United Airlines said yesterday that it would fire any flight attendants who take part in a threatened strike, launching an early salvo as...
CHICAGO — United Airlines said yesterday that it would fire any flight attendants who take part in a threatened strike, launching an early salvo as the carrier and its unions prepare for their battle in bankruptcy court next week.
A strike would “force the company to take steps to preserve the airline,” United said in a letter sent to the attorney for the Association of Flight Attendants. The letter is the first public acknowledgement by United, based in Elk Grove Township, Ill., that a strike could severely damage its efforts to emerge from Chapter 11 bankruptcy protection.
A union spokeswoman called United’s threats “laughable.”
“It’s … just more of the same from United,” said Sara Nelson Dela Cruz.
Most Read Stories
- UW study finds Seattle’s minimum wage is costing jobs
- Costco is testing a new burger in Seattle, and it might remind you of Shake Shack
- Check out the Pike Place Market’s $74M addition: See 360-degree views of the new MarketFront VIEW
- Trump travel ban partly reinstated; fall court arguments set VIEW
- Calling their bluff: A Seattle doctor pegs what the GOP health bill is really about | Danny Westneat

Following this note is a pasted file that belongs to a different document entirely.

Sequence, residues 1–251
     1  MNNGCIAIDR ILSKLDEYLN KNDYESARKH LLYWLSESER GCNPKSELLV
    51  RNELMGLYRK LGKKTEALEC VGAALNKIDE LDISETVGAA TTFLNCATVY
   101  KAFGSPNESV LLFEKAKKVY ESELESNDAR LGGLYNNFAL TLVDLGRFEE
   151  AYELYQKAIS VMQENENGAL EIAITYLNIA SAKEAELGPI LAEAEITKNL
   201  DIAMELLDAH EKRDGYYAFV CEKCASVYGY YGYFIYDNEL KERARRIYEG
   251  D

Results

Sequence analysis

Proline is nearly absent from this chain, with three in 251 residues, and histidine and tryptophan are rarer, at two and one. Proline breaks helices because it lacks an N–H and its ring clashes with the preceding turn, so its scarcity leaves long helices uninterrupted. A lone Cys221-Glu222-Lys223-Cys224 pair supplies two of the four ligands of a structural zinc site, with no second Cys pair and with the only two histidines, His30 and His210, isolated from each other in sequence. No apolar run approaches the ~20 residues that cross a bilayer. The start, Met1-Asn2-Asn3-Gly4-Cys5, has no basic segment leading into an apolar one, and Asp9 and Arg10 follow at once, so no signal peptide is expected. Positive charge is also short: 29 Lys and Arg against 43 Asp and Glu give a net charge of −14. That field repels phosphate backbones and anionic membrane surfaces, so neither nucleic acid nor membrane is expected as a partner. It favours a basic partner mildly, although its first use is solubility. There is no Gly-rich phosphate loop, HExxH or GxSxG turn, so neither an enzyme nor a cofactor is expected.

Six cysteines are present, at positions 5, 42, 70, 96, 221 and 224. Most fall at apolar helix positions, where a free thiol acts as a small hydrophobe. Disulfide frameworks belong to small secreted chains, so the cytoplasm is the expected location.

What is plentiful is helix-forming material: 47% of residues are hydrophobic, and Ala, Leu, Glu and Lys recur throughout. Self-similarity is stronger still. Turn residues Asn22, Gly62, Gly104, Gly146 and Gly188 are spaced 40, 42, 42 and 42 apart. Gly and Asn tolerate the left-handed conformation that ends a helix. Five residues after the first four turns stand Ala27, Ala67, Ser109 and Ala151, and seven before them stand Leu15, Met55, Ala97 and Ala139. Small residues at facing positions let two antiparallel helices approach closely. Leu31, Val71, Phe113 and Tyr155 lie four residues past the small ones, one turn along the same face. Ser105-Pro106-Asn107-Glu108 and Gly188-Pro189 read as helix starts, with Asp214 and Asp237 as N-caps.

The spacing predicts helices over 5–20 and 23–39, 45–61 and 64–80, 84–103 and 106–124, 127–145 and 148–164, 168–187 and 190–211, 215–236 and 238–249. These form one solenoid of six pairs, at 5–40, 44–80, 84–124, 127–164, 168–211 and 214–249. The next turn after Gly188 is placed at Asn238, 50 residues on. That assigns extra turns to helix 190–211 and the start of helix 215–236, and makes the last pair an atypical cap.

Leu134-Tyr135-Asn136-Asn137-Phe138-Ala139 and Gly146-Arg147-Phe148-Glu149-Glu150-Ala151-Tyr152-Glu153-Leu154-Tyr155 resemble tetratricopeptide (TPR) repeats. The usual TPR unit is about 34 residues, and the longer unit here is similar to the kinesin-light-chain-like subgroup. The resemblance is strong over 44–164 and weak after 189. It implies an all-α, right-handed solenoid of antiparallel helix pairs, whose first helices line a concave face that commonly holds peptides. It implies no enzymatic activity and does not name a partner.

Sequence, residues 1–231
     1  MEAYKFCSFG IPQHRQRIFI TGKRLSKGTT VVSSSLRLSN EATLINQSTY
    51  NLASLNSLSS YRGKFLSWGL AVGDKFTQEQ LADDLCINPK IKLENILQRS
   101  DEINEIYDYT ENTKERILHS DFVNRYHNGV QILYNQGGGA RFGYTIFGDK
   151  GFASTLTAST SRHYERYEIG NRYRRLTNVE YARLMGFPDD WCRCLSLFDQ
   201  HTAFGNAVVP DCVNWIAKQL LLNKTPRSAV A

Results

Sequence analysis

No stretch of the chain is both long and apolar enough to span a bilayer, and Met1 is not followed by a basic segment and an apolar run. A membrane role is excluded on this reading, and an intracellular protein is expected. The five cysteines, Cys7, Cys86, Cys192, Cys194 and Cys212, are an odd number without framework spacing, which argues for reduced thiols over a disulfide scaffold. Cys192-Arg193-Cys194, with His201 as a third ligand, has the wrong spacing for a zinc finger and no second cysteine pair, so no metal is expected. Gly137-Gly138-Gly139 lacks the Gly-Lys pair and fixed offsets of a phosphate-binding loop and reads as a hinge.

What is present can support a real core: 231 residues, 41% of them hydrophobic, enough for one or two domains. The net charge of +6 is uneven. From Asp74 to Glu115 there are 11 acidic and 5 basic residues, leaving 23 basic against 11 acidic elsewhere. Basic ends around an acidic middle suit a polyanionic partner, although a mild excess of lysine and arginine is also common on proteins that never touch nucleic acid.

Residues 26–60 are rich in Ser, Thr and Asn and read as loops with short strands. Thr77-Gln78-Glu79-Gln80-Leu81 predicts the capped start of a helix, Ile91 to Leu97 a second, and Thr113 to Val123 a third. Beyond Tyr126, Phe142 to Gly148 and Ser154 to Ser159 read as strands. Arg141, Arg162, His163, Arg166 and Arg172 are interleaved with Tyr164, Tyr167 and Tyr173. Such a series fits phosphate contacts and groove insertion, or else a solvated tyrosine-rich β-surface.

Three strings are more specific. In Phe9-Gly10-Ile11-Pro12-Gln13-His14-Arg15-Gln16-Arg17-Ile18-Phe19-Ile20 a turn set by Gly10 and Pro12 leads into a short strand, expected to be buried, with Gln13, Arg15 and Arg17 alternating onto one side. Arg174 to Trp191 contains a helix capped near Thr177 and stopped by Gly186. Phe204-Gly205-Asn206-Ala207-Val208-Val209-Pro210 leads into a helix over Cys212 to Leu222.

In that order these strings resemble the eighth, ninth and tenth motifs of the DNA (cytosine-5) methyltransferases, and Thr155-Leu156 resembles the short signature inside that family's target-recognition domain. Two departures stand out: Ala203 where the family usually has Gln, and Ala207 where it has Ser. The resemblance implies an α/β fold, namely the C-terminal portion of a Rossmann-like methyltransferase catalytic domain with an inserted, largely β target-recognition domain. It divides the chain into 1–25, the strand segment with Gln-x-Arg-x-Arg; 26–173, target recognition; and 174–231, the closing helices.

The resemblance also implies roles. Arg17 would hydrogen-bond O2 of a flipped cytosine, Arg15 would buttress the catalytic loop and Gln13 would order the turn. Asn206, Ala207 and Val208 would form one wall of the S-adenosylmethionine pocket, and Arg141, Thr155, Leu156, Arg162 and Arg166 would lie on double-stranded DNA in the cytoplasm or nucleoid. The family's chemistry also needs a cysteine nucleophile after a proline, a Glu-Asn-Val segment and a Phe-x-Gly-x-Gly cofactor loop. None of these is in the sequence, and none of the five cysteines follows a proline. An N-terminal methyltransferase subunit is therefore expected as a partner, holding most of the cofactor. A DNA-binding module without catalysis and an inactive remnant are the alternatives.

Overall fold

United is scheduled to go before a U.S. Bankruptcy Court judge in Chicago next week to seek to invalidate the contracts of three of its largest unions. The airline wants to invoke new pay and benefit terms.
Also yesterday, the flight attendants and the International Association of Machinists and Aerospace Workers each filed objections to a proposed agreement between United and a federal pension-insurance agency.
The agreement they are contesting is between the carrier and the Pension Benefit Guaranty Corp. United will seek court approval of the deal at a hearing scheduled for Tuesday. It would allow the carrier to transfer its pension obligations to the government agency, which United estimates would save it $645 million a year.